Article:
Digital Reading Among Educated Arabs: A Twitter-based Study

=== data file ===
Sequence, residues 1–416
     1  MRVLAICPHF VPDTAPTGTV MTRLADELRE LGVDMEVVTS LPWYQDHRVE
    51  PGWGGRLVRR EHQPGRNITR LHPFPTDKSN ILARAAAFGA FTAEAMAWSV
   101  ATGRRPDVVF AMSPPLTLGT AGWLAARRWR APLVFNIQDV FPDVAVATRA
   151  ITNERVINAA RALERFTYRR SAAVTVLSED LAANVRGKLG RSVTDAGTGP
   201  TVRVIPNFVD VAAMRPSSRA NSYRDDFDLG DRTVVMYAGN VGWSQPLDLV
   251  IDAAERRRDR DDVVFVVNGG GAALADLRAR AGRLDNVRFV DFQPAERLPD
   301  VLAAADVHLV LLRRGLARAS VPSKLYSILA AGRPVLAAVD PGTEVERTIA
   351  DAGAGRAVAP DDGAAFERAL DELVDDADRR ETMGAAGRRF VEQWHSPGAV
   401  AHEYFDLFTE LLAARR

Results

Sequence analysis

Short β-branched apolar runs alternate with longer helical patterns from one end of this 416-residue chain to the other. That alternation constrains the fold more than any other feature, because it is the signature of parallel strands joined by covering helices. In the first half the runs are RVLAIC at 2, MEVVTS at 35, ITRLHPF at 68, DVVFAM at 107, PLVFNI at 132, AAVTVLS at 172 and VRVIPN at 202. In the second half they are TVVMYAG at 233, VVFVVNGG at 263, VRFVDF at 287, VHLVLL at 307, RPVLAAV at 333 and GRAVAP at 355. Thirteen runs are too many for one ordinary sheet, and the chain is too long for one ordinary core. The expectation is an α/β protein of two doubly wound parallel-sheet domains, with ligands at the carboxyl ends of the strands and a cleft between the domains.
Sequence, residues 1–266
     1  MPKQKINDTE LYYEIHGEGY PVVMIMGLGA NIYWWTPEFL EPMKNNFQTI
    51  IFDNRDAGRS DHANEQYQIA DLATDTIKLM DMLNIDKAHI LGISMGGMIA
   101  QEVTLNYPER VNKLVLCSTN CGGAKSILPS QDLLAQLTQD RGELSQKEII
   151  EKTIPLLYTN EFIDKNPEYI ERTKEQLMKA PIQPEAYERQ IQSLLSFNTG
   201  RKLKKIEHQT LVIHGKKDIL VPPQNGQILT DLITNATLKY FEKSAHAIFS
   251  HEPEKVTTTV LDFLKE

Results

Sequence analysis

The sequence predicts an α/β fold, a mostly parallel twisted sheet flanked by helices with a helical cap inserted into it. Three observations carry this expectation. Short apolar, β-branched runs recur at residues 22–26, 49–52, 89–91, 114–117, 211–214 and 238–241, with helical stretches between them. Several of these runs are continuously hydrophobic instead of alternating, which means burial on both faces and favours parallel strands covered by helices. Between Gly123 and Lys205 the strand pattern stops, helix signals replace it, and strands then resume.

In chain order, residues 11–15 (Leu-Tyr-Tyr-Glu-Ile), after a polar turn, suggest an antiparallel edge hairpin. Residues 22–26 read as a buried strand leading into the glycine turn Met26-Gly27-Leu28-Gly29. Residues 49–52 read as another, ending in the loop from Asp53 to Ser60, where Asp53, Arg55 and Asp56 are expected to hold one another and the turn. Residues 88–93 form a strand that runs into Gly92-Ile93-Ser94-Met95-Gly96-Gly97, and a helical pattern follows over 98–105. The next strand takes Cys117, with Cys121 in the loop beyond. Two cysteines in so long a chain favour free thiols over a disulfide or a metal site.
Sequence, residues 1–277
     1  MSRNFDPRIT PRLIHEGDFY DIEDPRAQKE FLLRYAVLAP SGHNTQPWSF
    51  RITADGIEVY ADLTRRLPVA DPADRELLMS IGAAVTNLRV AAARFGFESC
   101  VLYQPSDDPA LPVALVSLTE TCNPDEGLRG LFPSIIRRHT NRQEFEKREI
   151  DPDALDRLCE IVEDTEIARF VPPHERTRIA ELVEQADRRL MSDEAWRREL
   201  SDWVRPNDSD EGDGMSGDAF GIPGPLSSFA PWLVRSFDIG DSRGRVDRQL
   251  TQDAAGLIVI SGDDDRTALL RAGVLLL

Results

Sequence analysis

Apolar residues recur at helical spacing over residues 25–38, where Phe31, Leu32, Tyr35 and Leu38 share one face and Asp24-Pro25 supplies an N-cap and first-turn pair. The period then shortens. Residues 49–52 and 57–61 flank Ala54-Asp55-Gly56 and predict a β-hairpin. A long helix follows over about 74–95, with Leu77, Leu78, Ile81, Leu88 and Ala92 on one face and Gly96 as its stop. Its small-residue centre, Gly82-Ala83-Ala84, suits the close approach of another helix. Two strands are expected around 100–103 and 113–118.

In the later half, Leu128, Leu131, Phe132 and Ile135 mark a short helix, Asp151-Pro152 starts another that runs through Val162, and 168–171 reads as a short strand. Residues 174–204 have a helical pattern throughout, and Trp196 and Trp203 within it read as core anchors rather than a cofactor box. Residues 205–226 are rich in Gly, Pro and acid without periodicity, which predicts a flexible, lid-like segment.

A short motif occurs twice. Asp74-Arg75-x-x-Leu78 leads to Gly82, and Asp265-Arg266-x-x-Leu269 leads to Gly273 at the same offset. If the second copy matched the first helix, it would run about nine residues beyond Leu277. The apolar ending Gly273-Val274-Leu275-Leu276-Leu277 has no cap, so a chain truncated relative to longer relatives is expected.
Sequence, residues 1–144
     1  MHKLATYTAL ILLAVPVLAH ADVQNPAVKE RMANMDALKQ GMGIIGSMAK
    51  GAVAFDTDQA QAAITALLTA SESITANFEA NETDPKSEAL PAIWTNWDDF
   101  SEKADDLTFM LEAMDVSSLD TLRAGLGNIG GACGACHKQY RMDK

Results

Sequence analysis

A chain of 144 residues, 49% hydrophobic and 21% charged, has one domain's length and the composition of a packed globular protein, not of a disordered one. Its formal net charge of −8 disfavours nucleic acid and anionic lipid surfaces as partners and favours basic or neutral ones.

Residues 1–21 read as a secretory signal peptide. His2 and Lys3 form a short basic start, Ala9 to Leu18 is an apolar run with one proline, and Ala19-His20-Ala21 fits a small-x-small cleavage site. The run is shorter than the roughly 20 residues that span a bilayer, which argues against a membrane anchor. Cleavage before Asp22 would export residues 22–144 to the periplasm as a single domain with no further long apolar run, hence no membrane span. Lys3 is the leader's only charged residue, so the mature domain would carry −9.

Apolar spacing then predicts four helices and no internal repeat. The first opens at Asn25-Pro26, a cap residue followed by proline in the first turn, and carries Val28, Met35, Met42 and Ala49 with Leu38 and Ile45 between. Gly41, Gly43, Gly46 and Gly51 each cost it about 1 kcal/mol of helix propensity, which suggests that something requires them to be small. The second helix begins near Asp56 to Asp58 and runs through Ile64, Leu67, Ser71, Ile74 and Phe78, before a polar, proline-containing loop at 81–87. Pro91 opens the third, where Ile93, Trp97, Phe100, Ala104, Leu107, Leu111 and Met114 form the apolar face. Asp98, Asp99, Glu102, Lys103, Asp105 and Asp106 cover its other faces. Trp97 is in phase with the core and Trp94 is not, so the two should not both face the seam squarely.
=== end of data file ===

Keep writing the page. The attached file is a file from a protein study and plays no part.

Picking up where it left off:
This study aimed to explore whether educated Arabs prefer to read paper or digital materials and which reading technologies and applications they use. The sample consisted of 272 educated Arabs (81% males and 19% females) who are Twitter users, who gave 437 responses to questions, hashtags and threads asking, “which digital media and digital devices do you use for reading, why, the advantages and disadvantages of digital reading vs reading from paper material”. Data analysis showed that 71.5% of educated Arabs in the sample read traditional printed books and 28.5% read digitally and use digital reading technologies as follows: 15% listen to audiobooks, 6.5% use Kindle, and 7% use e-Ink, Audible, Storytel, Feedly, text-to-speech software (Read Aloud, Natural Reader Pro and Kurzweil 1000), Instapaper, Evernote, Raindrop, Pocket, Siri, eBooks, Artificial Intelligence (AI), Tarteel, Wajeez, Sibawayh Reader, and Screen Readers such as JAWS, Window Eyes, VoiceOver, Thunder, and HAL by blind students. Digital readers in this study use smart phones, iPads, tablets, and computer screens and are familiar with digital document formats such as Pdf, Epub, Mobi, IPA and AZW. The percentage of educated Arabs who use digital reading and reading technologies and apps is small, taking into consideration that many Arab people have access to the Internet and have a smart phone, a desktop or laptop computer and should be able to access a plethora of reading apps, digital resources, and reading technologies. It seems that many educated Arabs are not familiar with digital reading, eBooks, e-libraries, online reading resources, reading technologies and applications. Digital readers gave some explanations for their preferences and how they use digital media reading, when and where. Some recommendations for familiarizing children, students and the public with digital reading and reading technologies are given.